Syrian plane in Turkey
Syrian plane in Turkey Reuters

Russia has denied Turkish accusations that a Syria-bound passenger plane was transporting weapons. The plane took off from Moscow before being forced to land in Ankara.

Turkish jet fighters intercepted the Syrian passenger airplane on Wednesday night after receiving reports that it was carrying “illegal cargo," according to Turkey's foreign minister, Ahmet Davutoglu, Reuters reported.

"We are determined to control weapons transfers to a regime that carries out such brutal massacres against civilians. It is unacceptable that such a transfer is made using our airspace," Davutoglu told Zaman Daily, but he stopped short of outright declaring that the plane was carrying arms, saying merely that the cargo was "banned from transport."

But later, Prime Minister Recep Tayyip Erdogan charged that the plane was carrying war material, The New York Times reported.

“From Russia, an institution equivalent to our Machinery and Chemical Industry [Ministry] has sent military tools, equipment and ammunition to the Syrian Defense Ministry,” he told the semiofficial Anatolian News Agency. “Upon the intelligence received, research there was conducted and it was unfortunately seen that there was such equipment inside.”

Erdogan also said an upcoming visit to Turkey by Russian President Vladimir Putin had been postponed. He said the postponement had no connection with the forced grounding of the plane.

The plane was traveling from Moscow to Syria over Turkish airspace when reports surfaced that it was carrying military equipment and "non-civilian cargo."

The aircraft was escorted to Esenboga airport for security checks, and some hours later was allowed to continue on its journey.

“I think that tension will now develop in the relationship between Russia and Turkey,” a Russian Foreign Ministry official said, according to the New York Times.

“Neither weapons nor any systems or assembly parts for military equipment were or could have been on board the passenger plane," an unidentified source at one of Russia's state arms exporting agencies told Interfax.

However, unconfirmed reports in Turkish media said the confiscated cargo included boxes of military communication equipment, with Turkey’s NTV saying missile parts were also on board the plane.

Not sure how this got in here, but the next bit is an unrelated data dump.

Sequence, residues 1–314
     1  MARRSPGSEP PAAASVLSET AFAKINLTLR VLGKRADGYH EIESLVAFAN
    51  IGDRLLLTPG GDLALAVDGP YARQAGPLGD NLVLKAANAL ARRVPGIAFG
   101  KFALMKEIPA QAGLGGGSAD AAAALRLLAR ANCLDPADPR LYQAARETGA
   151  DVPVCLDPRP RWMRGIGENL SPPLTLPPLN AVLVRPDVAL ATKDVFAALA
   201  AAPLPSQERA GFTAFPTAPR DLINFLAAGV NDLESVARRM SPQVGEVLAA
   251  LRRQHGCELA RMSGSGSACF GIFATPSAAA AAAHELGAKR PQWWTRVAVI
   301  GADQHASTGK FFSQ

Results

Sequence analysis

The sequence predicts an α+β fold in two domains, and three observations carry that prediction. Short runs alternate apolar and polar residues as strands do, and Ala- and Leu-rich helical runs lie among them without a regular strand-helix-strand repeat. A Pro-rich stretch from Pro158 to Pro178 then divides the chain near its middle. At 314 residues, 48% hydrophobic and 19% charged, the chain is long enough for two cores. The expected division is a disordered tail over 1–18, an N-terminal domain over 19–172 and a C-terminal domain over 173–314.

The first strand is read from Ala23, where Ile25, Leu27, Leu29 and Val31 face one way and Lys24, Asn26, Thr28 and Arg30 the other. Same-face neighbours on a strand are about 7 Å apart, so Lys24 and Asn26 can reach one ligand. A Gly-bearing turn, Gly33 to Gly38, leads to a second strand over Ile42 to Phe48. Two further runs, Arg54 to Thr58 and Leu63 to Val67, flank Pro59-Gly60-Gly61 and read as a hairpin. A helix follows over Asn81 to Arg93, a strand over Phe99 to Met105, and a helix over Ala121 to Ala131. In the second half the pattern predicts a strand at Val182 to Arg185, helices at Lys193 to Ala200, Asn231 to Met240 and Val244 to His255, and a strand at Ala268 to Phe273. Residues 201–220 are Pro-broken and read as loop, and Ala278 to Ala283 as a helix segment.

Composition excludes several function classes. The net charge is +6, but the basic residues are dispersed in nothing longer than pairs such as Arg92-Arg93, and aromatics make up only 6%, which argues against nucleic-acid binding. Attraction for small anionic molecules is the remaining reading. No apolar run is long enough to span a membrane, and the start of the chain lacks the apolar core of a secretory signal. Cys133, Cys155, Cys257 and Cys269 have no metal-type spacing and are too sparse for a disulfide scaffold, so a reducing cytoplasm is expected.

The tough new stance on Syria by the Turkish authorities follows a mortar attack that killed five Turkish nationals, including three children, in a town on the Turkish/Syrian border last week.

Syria has accused Turkey of "hostile and reprehensible behavior," the Syrian foreign minister told the AFP, and that the plane's grounding was "another sign of the hostile policies of the Erdogan government, which harbors [rebels] and bombs Syrian territory."

"The plane was not carrying any illegal material," Ghaida Abdulatif, head of Syrian Arab Airlines, told reporters in Damascus, the Hürriyet Daily reported. "When the plane was inspected it was clear that there were ... civilian packages with electrical equipment which are allowed to be transported and had been officially registered."

The plane was carrying 37 people, mostly elderly, women and children, Syrian officials claimed. Hürriyet Daily reported that several of the passengers were threatened, beaten up, and forced to sign fake documents saying the plane made an emergency landing.

Davutoglu told Zaman that the passengers were treated "hospitably" and given meals while the plane's cargo was inspected.

The latest incident adds to the worsening relationship between Ankara and Damascus, with both sides already on a heightened state of military alert.